When the first changes were made, there could only have been about 15 minutes on the clock and my first stint, taking over from the injured Stuart Fuller at centre back, saw me find my feet (or should I say my head) quite quickly - a deft defensive header back into midfield. From there on it is all a bit hazy. The absence from playing for most of the last 12 months and a general lack of fitness came into play. The mind was willing and knew where I needed to be, the body just wasn't able. A couple of times I saw Paul Chow break away and there was an inevitability about the goal, my body said "Don't chase back, save yourself". Yes, yes, selfish I know.

I eventually asked to come off, knackered and sore. It was then I realised I had been on the pitch for all of 13 minutes. Breathless and shameful I propped myself up on the perimeter fence. Determined not to appear such a pathetic specimen I managed to recover quick enough to reappear on the pitch shortly before half time, only to see us go 3-2 down.  When Chow and Robinson were off the pitch there was little between the two sides and each time we had gone behind, we drew level. But the three goals for the fans had Whitley Bay written all over them.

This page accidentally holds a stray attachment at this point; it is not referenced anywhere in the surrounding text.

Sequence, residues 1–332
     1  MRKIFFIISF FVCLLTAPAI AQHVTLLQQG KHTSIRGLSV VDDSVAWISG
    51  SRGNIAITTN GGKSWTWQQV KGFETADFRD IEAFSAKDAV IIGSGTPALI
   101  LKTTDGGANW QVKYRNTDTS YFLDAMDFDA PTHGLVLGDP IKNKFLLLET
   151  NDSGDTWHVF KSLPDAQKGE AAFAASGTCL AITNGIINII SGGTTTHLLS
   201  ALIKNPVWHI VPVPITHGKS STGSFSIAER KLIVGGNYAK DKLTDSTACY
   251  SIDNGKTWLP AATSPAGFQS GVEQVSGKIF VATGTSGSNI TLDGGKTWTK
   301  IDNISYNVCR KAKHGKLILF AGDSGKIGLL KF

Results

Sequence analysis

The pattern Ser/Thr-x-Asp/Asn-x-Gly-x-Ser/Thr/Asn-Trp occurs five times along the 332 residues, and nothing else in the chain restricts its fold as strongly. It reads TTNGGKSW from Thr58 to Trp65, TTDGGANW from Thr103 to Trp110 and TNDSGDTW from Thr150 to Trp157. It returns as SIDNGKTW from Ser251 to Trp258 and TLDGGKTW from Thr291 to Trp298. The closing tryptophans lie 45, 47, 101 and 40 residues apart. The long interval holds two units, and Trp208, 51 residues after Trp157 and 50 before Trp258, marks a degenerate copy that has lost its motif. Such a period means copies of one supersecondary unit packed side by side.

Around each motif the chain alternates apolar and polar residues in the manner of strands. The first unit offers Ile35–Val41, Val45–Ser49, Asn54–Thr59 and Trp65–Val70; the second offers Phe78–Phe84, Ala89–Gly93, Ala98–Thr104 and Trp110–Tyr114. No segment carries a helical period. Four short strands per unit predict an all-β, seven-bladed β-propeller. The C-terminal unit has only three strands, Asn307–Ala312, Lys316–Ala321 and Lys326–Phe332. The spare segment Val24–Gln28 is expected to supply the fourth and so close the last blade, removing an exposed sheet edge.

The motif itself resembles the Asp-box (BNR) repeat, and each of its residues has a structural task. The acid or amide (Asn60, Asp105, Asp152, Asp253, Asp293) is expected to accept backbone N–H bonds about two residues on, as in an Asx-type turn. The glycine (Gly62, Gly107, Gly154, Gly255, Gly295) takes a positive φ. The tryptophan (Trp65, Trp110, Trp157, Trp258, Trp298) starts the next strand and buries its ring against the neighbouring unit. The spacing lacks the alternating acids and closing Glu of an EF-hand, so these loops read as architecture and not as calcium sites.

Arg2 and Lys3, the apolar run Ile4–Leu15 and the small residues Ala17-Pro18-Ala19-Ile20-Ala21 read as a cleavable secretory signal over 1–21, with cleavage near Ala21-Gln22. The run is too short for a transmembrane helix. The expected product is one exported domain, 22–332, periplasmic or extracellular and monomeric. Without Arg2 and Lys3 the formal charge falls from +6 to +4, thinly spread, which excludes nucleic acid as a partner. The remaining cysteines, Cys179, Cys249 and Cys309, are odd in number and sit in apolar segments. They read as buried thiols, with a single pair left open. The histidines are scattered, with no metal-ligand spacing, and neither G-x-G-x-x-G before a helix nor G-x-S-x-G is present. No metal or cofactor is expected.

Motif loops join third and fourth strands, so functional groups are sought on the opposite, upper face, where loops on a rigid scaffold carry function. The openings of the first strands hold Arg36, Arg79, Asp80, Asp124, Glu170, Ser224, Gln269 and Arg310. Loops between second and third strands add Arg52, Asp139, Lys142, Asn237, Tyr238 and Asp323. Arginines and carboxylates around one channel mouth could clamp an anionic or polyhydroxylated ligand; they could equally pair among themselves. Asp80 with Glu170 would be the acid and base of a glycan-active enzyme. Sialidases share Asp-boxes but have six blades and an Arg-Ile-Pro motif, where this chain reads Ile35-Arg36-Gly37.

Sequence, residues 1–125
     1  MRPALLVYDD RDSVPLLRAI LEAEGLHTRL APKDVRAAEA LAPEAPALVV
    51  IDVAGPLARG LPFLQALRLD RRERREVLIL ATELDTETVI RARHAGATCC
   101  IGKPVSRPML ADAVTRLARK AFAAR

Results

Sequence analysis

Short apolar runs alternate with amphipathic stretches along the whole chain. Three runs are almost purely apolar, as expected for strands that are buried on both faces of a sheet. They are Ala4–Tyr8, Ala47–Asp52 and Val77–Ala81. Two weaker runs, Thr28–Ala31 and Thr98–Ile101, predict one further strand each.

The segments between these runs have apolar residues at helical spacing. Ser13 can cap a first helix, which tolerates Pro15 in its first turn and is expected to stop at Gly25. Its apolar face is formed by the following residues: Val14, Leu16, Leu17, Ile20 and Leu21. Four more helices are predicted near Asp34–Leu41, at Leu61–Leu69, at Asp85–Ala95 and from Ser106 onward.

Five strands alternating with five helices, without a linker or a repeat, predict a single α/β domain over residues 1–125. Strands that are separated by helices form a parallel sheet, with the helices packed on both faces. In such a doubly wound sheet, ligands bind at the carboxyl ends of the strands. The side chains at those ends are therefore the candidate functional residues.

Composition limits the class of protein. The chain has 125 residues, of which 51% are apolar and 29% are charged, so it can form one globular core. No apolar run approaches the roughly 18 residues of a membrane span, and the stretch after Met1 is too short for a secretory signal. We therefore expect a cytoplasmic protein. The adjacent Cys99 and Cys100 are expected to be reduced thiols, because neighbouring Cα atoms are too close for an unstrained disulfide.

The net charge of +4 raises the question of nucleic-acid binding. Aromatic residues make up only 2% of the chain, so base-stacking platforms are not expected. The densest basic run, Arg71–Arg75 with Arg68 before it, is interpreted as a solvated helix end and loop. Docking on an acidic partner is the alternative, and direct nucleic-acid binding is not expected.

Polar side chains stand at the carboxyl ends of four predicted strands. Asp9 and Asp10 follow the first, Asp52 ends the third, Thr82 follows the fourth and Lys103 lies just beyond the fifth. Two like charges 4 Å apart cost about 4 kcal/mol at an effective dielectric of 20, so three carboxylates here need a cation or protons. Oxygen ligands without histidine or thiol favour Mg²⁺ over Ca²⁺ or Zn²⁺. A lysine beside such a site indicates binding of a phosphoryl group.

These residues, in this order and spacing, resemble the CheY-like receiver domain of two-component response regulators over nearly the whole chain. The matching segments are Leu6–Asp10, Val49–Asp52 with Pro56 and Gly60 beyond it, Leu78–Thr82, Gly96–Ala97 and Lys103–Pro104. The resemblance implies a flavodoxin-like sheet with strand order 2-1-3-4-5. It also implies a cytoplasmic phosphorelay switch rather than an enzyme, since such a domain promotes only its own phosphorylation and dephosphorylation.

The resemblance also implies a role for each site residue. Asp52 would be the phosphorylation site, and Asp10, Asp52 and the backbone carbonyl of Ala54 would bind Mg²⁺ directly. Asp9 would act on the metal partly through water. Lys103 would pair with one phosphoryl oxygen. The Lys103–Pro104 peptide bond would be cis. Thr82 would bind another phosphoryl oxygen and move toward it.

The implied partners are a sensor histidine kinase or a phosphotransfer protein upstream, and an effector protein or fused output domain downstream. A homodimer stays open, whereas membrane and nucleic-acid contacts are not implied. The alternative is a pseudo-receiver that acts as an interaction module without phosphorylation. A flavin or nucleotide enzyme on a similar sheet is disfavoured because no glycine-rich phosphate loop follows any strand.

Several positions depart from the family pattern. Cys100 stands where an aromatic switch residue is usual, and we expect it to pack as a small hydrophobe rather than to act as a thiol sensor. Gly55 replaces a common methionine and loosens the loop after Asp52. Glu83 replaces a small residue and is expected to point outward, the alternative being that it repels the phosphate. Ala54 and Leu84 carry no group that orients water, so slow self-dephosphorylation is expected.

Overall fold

Our goals came from our Polish football expert Ryan Hubbard, with a deft Boniek-esque finish past the keeper, and Neil Bellis. Successfully ignoring the claims of his twin brother Richard, he languidly took the ball forward before scuffing a daisy cutter (sorry), striking a sweetly hit shot from 20+ yards escaping the grasp of the keeper and inside the post.  

The Writers half time team talk from Gavin Fell

After an encouraging half time team-talk from the Gaffer - keep doing what we are doing, we are still in it, just relax and play, oh and can we have some better goal celebrations - the referee started the second half and I watched on from the back as we equalised again.

A great finish from Paul Fraser of the Northern Echo, who ended up with the Man of the Match Award for our team. I have to say I would have given it to my fellow central defender Nick Loughlin (Sports Editor - Northern Echo). Playing virtually the entire game with several different partners he must have spent more time on the pitch than anyone and the scoreline didn't do justice to his performance and the back. Or the fact he covered for my lack of fitness.

The crowd including @ObscureFootball
Unfortunately, the qualities and skill of the Chow and Robinson combination again came to the fore and their interchanges and play had helped stretch the Fans' lead to 6-3, yet even their mid second half swap deal in exchange for the Bellis Brothers aka "The Crouchie Twins" (©The Gobby Woman in the Crowd) failed to swing the match back in our favour. Two or three gilt edged chances went begging, similar to those they had buried against us first half. In fact our biggest goal threat in the latter stages came from an unlikely source.